Initially the most important factor weighing against the grouping of Surco was the vagueness of the idea and the insufficient definition of the goal to be attained. It was first necessary to establish a legal framework, for which it was planned to ask the AIM to help. In any case, the first initiative started from a very marginal event: a few months after the end of the Council, the Prior of the monastery of Christ the King in Siambon, Tucuman, Argentina, P. Santiago Veronesis, OSB, proposed to the superiors of the monasteries of the southern cone, both Benedictine and Trappist, both monks and nuns, a meeting to study together the new paths which the Council was opening for monastic life, and so prepare themselves for the Congress of Benedictine Abbots which was scheduled at Rome, and the General Chapter of the Trappist Order. This historic event took place in the spacious buildings of the monastery of Los Toldos, 3-5th March, 1966. It was attended by eight Benedictine superiors, together with Dom Agustin Roberts, Prior of the Trappist house of Azul, Mother Abbess Mectildis Santangelo of St Scholastica and her Prioress, Mother Candida Maria Cymbalista.(2)
For the future of these postconciliar monastic meetings the presence, from the first meeting onwards, of both Prior Agustin Roberts and Mother Mectildis were decisive. Dom Roberts assured once and for all the collaboration between Benedictines and Trappists, one of the finest characteristics of Surco. In other parts of the world the same strength has been achieved only in Africa and Spain. On the one hand, the writings of Thomas Merton and, at a more popular level, the novels of P. Raymond on a monastic theme, had facilitated a growing appreciation by Benedictines for the Trappist way of life, and on the other hand the writings of Abbot Columba Marmion had also been read in Trappist houses. In addition, the fact that the Benedictines of the southern cone run neither parishes nor large colleges (as is the case in other latitudes) means that the Trappists feel themselves closer to them. The mutual sympathy between the black and white monks has continued to grow in the course of the years. The continued presence at the intermonastic meetings of the abbess and nuns of the largest female monastery of the southern cone, the Abbey of St Scholastica, which at that time counted about eighty nuns, gave weight and continuity to a union of smaller monasteries and ephemeral foundations which were often threatened by critical situations.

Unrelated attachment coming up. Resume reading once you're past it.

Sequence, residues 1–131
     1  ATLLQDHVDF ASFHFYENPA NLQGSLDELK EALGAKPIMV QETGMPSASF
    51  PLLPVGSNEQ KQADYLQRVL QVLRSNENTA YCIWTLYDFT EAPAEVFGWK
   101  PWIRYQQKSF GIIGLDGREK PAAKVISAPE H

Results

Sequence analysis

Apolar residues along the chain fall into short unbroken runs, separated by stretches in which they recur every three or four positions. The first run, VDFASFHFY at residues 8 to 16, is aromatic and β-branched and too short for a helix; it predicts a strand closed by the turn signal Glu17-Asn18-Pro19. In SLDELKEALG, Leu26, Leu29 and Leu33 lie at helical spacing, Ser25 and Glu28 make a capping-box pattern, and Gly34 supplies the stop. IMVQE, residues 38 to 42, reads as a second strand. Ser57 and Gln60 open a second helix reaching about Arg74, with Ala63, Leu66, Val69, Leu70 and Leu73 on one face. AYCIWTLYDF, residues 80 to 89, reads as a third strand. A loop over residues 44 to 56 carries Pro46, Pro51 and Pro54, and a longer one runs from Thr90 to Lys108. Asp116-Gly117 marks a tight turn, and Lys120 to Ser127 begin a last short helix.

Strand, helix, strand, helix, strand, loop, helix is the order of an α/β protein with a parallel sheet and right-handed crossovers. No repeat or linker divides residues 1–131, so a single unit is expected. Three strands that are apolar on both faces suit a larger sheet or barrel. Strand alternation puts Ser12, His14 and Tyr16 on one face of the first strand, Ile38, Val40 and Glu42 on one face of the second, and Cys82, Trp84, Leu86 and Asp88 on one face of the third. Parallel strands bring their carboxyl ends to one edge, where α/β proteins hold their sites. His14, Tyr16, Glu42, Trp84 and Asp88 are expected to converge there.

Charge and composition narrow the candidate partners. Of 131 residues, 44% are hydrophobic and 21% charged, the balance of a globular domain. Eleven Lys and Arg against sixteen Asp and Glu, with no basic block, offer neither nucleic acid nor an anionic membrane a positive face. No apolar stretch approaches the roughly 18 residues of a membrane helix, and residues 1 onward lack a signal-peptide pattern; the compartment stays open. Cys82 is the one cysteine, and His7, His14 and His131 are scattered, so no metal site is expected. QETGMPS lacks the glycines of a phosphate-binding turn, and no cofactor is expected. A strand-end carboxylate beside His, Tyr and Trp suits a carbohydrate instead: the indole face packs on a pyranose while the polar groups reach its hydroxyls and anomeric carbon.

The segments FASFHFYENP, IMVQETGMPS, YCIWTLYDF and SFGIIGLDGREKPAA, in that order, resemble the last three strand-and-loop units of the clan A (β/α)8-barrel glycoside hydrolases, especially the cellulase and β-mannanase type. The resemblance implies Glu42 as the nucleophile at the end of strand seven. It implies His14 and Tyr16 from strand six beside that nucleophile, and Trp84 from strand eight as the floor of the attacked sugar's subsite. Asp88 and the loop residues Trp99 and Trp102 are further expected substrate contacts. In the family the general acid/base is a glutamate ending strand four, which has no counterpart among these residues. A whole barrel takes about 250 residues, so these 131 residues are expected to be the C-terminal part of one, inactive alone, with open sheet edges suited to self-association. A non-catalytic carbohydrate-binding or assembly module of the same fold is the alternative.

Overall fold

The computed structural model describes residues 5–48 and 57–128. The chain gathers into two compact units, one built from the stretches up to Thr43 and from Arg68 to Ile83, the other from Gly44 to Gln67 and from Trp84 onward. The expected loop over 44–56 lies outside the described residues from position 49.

At the first meeting at Los Toldos the idea matured of appealing to the AIM to help structure collaboration between the monasteries. At a second meeting, held at the monastery of Siambon 20-27th June, 1967, P. Paulus Gordan, then Secretary General of the AIM, took part, and Abbot de Floris presided. Since the very nature of the AIM ruled out the initial idea of integrating itself into that institution, P Gordon followed up with the plan to form a Conference of Monastic Superiors of the Southern Cone.(3) The Conference elected P. Ignacio Bruni, Prior-Administrator of the Abbey of the Son of God, as first president, and he immediatly took on the charge of the periodical Cuadernos monasticos. Future meetings and conferences for study and formation were projected as a second task. The decisions then taken have held, with recognized good results, till the present day. A significant change to the title of the Conference occurred at the fourth meeting, held at the Benedictine monastery of Las Condes in November 1969. Since the meeting included not only superiors but also delegates of the communities, it was decided that henceforth the name would be ‘Conference of Monastic Communities of the Southern Cone’.(4) The slogan ‘Surco’ was conceived later under the presidency of Dom Martin de Elizalde, OSB. Its advantage was that, besides including the syllables ‘Co’ for Conference and ‘Sur’ for the Southern Cone, it formed a new, more symbolic name, equivalent to the English word ‘furrow’.
The success of ‘Surco’ had the additional advantage that, already since the meetings of 1968 and 1969, the Benedictines were enthusiastic to form their own Congregation, the twenty-first under the heading of the Benedictine Confederation. Hence in 1970 they were ablr also to set up a ‘Pre- Congregation’. From 27th December, 1976, with the official approbation of the Holy See, this began to function as the Benedictine Congregation of the Holy Cross of the Southern Cone. On the twenty-fifth anniversary of its foundation, in 2001, a first sketch of its history was made public under the title, ‘On twenty-five Years of the Foundation of the Benedictine Congregation of the Holy Cross of the Southern Cone (1876-2001). It is still circulating in manuscript form.
(1) CCMM XV (1980), no 52, p. 21-128.
(2) CCMM I (1966) 1, p. 1-18.
(3) CCMM 2 (1967), 4/5, p. 245-255.
(4) CCMM 3 (1968), 7, p. 139 and CCMM 4 (1969), 11, p. 38.